All posts tagged: 16th century

Adventures in Elizabethan ruff-making

I made an Elizabethan ruff! And it turned out really well (not perfect, but really well). And I am extremely pleased with myself. And it’s really, really close to perfectly historically accurate! Making a ruff turned out to be a lot harder than I thought it would be simply because there is so much rubbish information about ruffs on the internet. (Granted, there is rubbish information in books too – Tudor Tailor doesn’t do a good job of making it clear when they are using a historically accurate method and when they use a theatre one, for example, and even Saint Janet got things wrong on occasion.  So I like to read EVERYTHING and then collate all the evidence in the hopes of arriving at something at least reasonably plausible.) So I had to weed out all the advice about 1) cutting yourself a really long strip entirely on the selvedge (this immediately read wrong to me because it’s hugely wasteful of fabric, and fabric wastage is rarely historically accurate.  Plus the grain will be wrong and the ruff …

Elizabethan Progress

The Elizabethan ensemble is moving ahead nicely, though everything is taking longer than I think it will (ergh.  New periods.  So much research to do.  So many mistakes to make, and then unmake, or decide you just can’t fix) I have made the most important step though.  I have an inspiration image! Isn’t it glorious and fabulous?  And doesn’t it look very like all the stuff I’ve already made? I love the sleeves.  I think they are the best Elizabethan sleeves I’ve ever seen.  And the diagonal bodice decoration is just delicious. So, with a real inspiration point, I have decorated the bodice with yet more has-to-be-hand-sewn-on lace: And installed grommets in my lining. I’m rather gutted about the grommets.  I’d already sewn eyelets to the lining months ago, and when I pulled it out of the UFO pile I assumed I’d made a stupid non-period mistake, and took them out and did the grommets.  Then I went back to Arnold, and realised that all of the 16th century gowns Arnold has patterned fasten with hooks …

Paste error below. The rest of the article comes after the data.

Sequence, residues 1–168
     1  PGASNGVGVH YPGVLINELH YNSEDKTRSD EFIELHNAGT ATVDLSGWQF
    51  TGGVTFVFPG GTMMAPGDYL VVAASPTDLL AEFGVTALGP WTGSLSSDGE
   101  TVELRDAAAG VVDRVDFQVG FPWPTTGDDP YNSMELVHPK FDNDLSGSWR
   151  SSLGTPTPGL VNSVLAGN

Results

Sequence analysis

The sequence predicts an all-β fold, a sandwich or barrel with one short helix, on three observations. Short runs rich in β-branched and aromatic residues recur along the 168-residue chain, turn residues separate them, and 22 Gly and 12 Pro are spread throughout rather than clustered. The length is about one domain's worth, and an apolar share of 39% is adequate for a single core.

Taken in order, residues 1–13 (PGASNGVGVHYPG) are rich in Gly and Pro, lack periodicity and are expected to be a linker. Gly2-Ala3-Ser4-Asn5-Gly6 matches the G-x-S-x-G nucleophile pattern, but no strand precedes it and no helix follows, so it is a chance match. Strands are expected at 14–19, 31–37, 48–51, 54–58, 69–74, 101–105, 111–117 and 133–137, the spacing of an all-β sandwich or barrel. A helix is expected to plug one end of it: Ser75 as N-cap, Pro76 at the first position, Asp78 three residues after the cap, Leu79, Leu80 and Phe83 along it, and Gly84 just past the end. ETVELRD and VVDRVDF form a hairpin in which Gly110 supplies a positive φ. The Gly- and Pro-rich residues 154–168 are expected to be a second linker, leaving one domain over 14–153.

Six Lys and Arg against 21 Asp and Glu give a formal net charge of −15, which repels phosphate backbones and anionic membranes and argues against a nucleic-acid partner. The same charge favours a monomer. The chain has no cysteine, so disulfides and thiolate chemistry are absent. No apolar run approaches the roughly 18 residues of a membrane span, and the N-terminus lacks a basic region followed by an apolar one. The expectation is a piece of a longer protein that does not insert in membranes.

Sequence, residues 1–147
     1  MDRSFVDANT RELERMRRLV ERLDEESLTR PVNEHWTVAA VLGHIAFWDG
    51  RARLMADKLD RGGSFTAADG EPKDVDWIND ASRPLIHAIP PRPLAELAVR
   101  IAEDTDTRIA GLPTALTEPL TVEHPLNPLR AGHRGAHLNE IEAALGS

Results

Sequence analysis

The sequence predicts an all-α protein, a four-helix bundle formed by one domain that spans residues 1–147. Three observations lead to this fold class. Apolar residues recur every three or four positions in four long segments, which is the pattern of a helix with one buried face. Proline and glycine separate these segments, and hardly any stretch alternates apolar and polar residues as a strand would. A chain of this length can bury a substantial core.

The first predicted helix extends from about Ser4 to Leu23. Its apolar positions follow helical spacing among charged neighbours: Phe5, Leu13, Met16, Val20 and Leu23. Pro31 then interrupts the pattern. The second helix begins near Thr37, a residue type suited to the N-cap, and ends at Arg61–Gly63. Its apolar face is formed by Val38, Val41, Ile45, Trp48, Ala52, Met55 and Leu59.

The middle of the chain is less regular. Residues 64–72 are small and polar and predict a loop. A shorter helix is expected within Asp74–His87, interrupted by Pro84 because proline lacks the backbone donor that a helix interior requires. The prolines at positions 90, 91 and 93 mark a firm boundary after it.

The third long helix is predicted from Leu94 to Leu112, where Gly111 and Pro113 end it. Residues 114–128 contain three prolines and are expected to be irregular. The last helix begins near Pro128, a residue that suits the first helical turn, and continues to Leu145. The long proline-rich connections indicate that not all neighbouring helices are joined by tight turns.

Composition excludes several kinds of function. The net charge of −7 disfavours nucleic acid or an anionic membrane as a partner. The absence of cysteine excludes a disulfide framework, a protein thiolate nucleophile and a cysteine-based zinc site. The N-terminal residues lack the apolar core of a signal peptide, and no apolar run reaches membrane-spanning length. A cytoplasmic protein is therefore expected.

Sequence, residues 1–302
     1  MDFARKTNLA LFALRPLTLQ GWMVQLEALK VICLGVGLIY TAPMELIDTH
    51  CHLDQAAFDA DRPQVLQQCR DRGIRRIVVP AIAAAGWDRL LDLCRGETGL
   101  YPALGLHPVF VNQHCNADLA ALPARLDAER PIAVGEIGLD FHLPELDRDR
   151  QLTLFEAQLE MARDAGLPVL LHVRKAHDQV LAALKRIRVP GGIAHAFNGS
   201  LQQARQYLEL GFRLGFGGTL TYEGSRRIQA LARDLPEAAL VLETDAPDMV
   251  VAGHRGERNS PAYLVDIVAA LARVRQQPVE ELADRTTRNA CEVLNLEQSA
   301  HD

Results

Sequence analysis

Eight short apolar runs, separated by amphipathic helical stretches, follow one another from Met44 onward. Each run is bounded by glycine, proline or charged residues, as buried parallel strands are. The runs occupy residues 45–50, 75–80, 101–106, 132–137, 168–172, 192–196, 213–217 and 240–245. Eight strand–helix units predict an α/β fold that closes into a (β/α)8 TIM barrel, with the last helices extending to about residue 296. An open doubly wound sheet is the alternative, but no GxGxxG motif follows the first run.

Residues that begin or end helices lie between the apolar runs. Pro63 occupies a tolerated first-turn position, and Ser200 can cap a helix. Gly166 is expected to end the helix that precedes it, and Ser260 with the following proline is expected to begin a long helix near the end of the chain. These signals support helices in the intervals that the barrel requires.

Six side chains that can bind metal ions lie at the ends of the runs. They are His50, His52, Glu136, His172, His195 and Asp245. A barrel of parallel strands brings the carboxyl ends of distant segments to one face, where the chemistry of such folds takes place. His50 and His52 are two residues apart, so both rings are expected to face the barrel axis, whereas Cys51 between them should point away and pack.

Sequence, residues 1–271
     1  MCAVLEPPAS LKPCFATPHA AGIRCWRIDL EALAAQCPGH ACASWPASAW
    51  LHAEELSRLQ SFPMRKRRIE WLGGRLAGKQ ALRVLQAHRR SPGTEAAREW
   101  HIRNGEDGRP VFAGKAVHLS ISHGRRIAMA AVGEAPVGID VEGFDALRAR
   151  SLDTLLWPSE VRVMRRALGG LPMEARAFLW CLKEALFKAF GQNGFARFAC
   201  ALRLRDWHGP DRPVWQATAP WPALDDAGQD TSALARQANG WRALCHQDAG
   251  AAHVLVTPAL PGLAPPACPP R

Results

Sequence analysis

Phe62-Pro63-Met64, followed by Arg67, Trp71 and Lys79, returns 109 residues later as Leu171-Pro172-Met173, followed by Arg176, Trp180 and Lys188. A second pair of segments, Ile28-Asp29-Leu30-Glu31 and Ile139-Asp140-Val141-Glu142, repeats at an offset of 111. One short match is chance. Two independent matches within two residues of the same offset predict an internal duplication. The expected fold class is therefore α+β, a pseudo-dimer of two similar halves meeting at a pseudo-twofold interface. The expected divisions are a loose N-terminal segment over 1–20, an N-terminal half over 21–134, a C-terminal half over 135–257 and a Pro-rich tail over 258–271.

Rate the Dress: Anna of Austria by Anthonis Mor

Last week I showed you a rather plain 1890s dress with enormous puffed sleeves.  Thanks to some rather fabulous fabric and some very clever stripe-work, the dress was very popular. Right up until my Mum showed up and pointed out that it looks like an elephant.  Thanks Mum! Still, 1890s sexy librarian or elephant, it came in at a VERY impressive 9.2 out of 10. Since I’m on a 1570s kick, this week’s Rate the Dress is on-theme.   Rather than staying with English Elizabethan styles, we’re travelling to continental Europe to discuss the fashion choices of the 21 year old Anna of Austria, Queen of Spain: In typical late 16th century Spanish style, Anna’s clothes are quite severe, with large expanses of expensive black fabric.  Equally typically, the black is livened with copious amounts of precious metals and stones: her bonnet is circled with gold braid and jewelled ornaments, there are more jewelled pins in her hair, she wears an elaborate gold necklace with an enormous double-headed bird pendant, each head holding a ruby in …